| Sports |

Lingerie Football: Where lip gloss falling out of shorts during the 40-yard dash happens

Keep Westword Free
I Support
  • Local
  • Community
  • Journalism
  • logo

Support the independent voice of Denver and help keep the future of Westword free.

The Lingerie Football League's Denver franchise, the Dream, held an open mini-camp/tryout at Dick's Sporting Goods Park on Thursday, and because I'm as shameless as the next alleged journalist, I showed up. Here's what I saw:

Professional soccer players: As I made my way down to the field, I saw three or four members of the Colorado Rapids, Denver's Major League Soccer team, walking out of the stadium. As they passed the handful of media folks in attendance, I wondered how much it must hurt their insides to see more media at a tryout for an ill-fated woman's football league than one of their games. As they passed a DenverPost.com camerawoman, she asked if they wanted to say anything about the tryout on camera. One answered for the group: "I don't think I want to say anything about that."

Women who run faster than me: That was moderately depressing. After some warm-ups, the women trying out for the team -- there were several there who'd already made it -- lined up for a timed 40-yard dash. I peaked at the coaches' evaluation sheets, and a few of the women came in under 5.5. Since my legs are roughly the length of Greg Oden's hair follicles, and I get winded doing eating Push-Ups, I'm thinking I'd get smoked by more than a few of these women.

My saving grace: Never during a timed 40 would a tube of lip gloss fall out of my shorts, which definitely happened during one girl's run. And if a tube of lip gloss did fall out of my shorts, I definitely wouldn't retrieve it so nonchalantly, as this woman did, as if that was a totally normal occurance.

Needless to say, this was the highlight of the afternoon.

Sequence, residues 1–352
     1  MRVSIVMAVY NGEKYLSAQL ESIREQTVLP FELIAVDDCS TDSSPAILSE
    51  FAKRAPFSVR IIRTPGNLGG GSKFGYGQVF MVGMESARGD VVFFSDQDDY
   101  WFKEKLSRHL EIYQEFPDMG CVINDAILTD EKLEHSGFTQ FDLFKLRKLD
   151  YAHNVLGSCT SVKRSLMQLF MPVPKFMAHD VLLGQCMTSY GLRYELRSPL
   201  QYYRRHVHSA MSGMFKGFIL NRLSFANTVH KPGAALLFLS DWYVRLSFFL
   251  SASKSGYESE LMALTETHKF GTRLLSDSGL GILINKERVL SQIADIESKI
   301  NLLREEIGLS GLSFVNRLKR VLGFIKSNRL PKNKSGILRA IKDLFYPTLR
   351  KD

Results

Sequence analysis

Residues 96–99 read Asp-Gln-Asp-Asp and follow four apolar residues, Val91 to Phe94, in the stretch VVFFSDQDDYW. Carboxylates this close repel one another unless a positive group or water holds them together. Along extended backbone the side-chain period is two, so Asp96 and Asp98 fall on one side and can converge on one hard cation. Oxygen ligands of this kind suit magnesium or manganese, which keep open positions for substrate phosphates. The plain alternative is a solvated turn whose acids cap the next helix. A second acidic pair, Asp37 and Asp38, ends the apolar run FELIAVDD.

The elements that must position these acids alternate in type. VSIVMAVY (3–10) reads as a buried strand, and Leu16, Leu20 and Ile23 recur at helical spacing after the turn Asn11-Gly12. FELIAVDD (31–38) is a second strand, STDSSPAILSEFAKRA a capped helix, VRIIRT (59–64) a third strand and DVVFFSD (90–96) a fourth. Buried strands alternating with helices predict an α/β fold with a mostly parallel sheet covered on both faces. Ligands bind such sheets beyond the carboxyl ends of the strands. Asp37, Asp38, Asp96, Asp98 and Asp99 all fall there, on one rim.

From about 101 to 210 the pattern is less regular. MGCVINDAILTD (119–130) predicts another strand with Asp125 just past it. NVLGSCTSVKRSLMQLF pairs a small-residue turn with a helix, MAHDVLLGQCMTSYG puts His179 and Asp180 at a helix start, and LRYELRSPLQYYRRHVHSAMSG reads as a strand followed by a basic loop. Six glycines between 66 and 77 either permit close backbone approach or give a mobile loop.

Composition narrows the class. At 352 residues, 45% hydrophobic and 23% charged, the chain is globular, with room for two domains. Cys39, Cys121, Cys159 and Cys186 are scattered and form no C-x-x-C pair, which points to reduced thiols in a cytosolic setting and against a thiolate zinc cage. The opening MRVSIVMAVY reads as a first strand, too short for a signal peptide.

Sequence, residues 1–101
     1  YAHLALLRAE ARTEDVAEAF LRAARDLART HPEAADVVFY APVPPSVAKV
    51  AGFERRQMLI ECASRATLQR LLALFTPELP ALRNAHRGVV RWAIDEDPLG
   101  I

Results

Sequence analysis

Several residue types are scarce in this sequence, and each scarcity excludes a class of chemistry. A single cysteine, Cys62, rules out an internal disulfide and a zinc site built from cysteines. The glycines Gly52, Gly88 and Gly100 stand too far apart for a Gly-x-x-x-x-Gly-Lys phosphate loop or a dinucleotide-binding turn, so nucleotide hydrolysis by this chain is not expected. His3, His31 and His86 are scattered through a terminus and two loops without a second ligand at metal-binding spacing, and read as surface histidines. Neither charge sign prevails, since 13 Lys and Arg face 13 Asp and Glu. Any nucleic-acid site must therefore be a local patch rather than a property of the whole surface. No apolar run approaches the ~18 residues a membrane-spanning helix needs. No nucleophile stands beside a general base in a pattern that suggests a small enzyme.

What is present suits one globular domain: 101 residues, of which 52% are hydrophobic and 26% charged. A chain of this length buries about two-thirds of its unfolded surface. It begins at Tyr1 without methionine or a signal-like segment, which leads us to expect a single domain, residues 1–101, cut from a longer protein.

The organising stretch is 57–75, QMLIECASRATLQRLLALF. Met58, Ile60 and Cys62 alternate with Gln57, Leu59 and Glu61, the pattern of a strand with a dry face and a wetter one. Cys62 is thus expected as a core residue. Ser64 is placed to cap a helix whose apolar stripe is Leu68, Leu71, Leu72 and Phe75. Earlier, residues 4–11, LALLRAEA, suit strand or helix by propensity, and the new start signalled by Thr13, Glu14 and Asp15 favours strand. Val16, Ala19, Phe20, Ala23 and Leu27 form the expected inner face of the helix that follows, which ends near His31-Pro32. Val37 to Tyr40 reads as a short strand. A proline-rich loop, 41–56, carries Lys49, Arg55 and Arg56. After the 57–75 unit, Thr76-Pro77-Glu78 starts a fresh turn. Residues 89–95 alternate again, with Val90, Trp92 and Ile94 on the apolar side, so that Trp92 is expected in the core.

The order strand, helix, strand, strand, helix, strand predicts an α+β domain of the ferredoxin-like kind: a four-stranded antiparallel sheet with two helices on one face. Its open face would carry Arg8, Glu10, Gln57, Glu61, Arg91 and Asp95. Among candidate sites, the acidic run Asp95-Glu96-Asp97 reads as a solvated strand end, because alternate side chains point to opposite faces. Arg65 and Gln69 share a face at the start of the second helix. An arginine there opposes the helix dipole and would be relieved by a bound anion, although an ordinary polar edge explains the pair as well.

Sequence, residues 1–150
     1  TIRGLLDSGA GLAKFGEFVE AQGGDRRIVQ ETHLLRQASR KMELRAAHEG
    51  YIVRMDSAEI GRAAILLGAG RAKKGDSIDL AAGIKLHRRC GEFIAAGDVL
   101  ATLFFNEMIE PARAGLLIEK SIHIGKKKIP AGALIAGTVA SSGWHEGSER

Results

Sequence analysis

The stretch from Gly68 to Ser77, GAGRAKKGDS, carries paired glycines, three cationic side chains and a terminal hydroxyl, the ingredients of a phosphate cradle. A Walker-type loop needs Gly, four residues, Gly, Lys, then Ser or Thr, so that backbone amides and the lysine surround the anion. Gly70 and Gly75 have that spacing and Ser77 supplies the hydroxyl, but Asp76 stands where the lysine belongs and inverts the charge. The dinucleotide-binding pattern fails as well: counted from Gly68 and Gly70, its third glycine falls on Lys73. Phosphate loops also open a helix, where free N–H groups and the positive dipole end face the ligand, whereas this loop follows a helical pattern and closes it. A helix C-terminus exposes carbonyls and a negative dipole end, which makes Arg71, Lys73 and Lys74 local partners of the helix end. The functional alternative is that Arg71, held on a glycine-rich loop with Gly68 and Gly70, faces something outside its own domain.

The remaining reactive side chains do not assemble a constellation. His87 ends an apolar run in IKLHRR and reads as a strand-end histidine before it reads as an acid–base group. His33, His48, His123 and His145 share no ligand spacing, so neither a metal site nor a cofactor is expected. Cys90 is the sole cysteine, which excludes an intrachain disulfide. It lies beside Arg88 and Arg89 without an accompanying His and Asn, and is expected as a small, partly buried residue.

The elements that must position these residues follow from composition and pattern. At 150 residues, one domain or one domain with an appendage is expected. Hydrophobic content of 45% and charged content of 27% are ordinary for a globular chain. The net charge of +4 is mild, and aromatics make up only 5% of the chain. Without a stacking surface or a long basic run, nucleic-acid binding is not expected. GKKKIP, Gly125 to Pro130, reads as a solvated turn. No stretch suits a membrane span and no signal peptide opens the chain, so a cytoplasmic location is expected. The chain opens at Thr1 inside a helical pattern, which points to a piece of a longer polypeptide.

The head coach: He's a deadly serious fellow, as evidenced by the brief speech he made to his assistants before the tryout started: "Coaches, don't take into account their looks. Evaluate them only on their ability."

Umm, boss, I'm not sure you're understanding the appeal of women playing football in their underwear.

A woman to root for: I realized after about about 14 minutes that being cynical about lingerie football is like doing coke in the 80s, sleeping with Tara Reid in the 90s, or doing coke and sleeping with Tara Reid in the 00s: It's quite unoriginal. (Sort of like Tara Reid-coke jokes, come to think of it). So I went looking for someone I could root for.

It took me about 30 seconds. The first woman I approached was Chantelle Schwandner, who was sitting on the edge of the field, rubbing out a calf injury. Blond and pretty and perfectly capable of kicking my ass, Chatelle, 30, told me she's a fitness instructor in Breckenridge. But she loves football, has played in various recreational leagues, and wanted to see if she could cut it playing tackle with the girls. Along with the opportunity to run full-steam into other women, "It's marketing," she says of the opportunity. "It's publicity." If potential clients know she also knocks heads in a pro football league, that's money in her pocket. And it's hard to laugh at money in someone's pocket. So Chantelle Schwandner is officially my favorite Lingerie Football player, whether she makes it or not.

She probably won't. She tore her calf snowboarding and reinjured it running a lip gloss-free 40. "I wish they could just give me whatever they give the pros," she said, watching the rest of the girls execute the drills. "I'll play through it."

Keep Westword Free... Since we started Westword, it has been defined as the free, independent voice of Denver, and we would like to keep it that way. Offering our readers free access to incisive coverage of local news, food and culture. Producing stories on everything from political scandals to the hottest new bands, with gutsy reporting, stylish writing, and staffers who've won everything from the Society of Professional Journalists' Sigma Delta Chi feature-writing award to the Casey Medal for Meritorious Journalism. But with local journalism's existence under siege and advertising revenue setbacks having a larger impact, it is important now more than ever for us to rally support behind funding our local journalism. You can help by participating in our "I Support" membership program, allowing us to keep covering Denver with no paywalls.

We use cookies to collect and analyze information on site performance and usage, and to enhance and customize content and advertisements. By clicking 'X' or continuing to use the site, you agree to allow cookies to be placed. To find out more, visit our cookies policy and our privacy policy.


Join the Westword community and help support independent local journalism in Denver.


Join the Westword community and help support independent local journalism in Denver.